Laureate for Irish fiction, Sebastian Barry, visited UL last Thursday. He spoke in conversation with head of Creative Writing MA and bestselling author, Joseph O’Connor, at the Irish World Academy of Music & Dance.
The evening involved a reading from Barry’s novel, Days Without End; a historical book full of lyrical language that won the Costa Book of the Year award and was inspired in many ways by his Grandfather. This reading was an intense theatrical performance as he brought the words to life for the audience.
Sebastian Barry has written many novels with the powerful first-person voice, including The Secret Scripture. In adapting or finding a strong voice, he spoke of the importance of listening to the stories of those around us, and noticing how one story can often be told with different perceptions; this divides character.
Barry and O’Connor spoke about how their personal lives can inform but also disturb their writing. According to Barry:
“The first rule of a novel is to be beautiful”.
He claimed knowing too much about something can often be dangerous or limiting with fiction writing as it’s important to also break beyond what we know. Both O’Connor and Barry spoke about the ‘impossible freedom of the theater’ and recalled on their own experiences visiting the Abbey Theater. Growing up, the theater was a dominant part of Barry’s life and thus impacted his style of writing largely.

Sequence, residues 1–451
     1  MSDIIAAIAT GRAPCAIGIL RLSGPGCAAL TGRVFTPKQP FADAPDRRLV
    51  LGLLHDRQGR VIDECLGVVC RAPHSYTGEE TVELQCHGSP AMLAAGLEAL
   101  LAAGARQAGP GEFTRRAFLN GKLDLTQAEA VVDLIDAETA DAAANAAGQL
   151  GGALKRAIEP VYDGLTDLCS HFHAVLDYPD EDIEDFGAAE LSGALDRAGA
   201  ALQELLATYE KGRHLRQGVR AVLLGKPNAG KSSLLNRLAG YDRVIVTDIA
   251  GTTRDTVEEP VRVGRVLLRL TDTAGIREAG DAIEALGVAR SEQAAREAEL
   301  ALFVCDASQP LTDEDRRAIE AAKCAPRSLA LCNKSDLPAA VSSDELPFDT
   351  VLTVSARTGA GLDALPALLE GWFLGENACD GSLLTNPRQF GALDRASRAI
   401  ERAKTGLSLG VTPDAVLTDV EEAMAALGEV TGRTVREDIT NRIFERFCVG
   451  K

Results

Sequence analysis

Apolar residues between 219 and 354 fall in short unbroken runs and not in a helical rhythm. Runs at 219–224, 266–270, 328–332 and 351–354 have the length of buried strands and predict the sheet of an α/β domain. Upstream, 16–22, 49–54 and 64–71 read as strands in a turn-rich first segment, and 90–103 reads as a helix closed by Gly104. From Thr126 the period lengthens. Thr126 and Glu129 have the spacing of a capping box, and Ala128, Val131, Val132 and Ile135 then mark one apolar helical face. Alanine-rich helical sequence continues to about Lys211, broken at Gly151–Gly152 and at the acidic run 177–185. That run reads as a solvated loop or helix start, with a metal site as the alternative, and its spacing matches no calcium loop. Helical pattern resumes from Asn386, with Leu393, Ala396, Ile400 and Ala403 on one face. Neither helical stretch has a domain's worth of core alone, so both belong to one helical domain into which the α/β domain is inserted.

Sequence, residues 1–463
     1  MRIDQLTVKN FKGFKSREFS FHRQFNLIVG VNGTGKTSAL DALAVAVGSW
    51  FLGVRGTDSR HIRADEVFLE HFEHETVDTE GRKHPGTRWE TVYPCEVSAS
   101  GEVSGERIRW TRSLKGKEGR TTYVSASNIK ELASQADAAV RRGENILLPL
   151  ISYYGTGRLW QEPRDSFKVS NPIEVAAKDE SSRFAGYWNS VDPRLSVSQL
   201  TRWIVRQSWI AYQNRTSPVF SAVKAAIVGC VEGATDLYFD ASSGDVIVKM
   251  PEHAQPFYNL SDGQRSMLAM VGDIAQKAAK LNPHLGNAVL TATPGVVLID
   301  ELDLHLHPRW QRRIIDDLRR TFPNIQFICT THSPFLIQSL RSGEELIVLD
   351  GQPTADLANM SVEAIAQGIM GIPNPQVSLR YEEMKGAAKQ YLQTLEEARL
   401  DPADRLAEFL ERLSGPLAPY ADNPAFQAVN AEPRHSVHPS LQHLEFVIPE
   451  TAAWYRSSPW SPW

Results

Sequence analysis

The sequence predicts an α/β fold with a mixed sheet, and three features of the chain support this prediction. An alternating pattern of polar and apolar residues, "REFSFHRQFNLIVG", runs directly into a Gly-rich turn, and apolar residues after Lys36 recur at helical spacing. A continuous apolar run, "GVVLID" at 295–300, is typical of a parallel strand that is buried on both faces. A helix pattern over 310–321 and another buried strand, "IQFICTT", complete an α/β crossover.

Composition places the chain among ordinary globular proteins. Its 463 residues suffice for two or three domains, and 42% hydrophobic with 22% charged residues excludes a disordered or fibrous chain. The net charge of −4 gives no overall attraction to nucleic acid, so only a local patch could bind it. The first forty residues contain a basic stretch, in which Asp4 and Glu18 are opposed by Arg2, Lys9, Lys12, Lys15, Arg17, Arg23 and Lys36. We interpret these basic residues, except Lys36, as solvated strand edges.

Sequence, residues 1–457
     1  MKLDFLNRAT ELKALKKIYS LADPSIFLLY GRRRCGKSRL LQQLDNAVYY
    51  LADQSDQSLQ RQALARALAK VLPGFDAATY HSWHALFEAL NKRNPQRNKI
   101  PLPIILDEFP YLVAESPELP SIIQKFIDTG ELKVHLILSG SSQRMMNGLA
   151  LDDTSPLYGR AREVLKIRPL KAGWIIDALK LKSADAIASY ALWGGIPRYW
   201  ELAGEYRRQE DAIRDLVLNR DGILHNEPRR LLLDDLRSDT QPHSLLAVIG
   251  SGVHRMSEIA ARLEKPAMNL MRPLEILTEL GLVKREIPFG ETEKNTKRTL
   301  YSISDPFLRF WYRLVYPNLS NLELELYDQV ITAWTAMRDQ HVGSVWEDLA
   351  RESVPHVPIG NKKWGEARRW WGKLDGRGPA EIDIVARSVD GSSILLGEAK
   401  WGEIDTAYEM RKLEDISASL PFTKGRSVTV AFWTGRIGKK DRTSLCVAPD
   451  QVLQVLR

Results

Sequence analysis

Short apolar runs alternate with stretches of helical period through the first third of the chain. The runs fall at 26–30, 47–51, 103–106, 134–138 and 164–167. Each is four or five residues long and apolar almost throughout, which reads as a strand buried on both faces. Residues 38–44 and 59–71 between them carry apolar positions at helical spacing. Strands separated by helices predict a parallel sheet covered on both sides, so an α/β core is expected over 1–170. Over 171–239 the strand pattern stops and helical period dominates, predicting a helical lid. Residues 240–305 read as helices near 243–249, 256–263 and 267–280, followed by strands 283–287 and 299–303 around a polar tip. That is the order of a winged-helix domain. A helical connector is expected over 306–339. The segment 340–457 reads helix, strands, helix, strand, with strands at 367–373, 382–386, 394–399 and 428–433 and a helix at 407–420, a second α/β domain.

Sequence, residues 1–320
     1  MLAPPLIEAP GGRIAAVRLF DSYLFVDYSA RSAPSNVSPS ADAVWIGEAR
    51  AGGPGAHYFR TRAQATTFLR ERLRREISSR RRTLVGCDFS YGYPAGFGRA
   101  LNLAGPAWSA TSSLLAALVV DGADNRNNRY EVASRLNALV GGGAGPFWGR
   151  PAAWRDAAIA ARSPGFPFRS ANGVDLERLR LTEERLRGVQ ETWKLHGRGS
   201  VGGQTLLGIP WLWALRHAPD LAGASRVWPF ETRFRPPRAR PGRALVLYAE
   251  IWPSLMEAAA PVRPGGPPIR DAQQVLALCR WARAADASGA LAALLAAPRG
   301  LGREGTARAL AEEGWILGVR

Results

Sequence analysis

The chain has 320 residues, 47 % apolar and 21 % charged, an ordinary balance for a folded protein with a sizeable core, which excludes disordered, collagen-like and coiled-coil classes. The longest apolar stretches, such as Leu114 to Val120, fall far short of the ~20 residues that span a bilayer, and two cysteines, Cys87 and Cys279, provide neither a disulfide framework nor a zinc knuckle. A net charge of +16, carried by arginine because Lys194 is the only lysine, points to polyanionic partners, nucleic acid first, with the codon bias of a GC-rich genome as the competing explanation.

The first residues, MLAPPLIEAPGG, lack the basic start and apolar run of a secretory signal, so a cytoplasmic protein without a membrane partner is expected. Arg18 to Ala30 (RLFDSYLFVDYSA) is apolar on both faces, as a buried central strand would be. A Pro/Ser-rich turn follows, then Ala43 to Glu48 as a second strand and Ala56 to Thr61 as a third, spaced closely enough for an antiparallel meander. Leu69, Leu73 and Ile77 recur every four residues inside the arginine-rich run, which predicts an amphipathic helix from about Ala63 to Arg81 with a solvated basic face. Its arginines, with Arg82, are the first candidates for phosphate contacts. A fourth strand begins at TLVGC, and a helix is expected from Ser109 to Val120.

Alongside his writing, they discussed all he has done in the community since being appointed ‘Laureate for Irish Fiction’ by President Higgins. He spoke of his involvement with migrant communities, as his aim is to bring his stories and book clubs to those who can’t come to him.
He described his experience working with prisoners in Mountjoy, and those in mental hospitals in Dublin. The saddening heartfelt words he heard from one lady were:
“No one knows we’re here.”
This sparked conversation about refugees in direct provision centers, communities Barry aims to share his book clubs with. As discussed, it’s important to know and have access to marginal groups so even if we can’t make a difference, we can have a better understanding.
Melatu Uchu Okorie, author of ‘This Hostel Life’, spent seven years in direct provision and spoke of this on a podcast with Sebastian Barry. Melatu’s book was chosen for UL’s 2019 ‘One Campus, One Book’ and she’ll be visiting the University this Wednesday the 13th of March.
The evening drew to a close pondering today’s young generation and how unique styles and themes are emerging from successful young authors. Both O’Connor and Barry agreed that young people in Ireland have set a high standard for first novels. The discussion ended on the concern that burdens many writers of financial struggle, on which Barry commented:
“How do artists survive their poverty? Mysteriously, mysteriously.”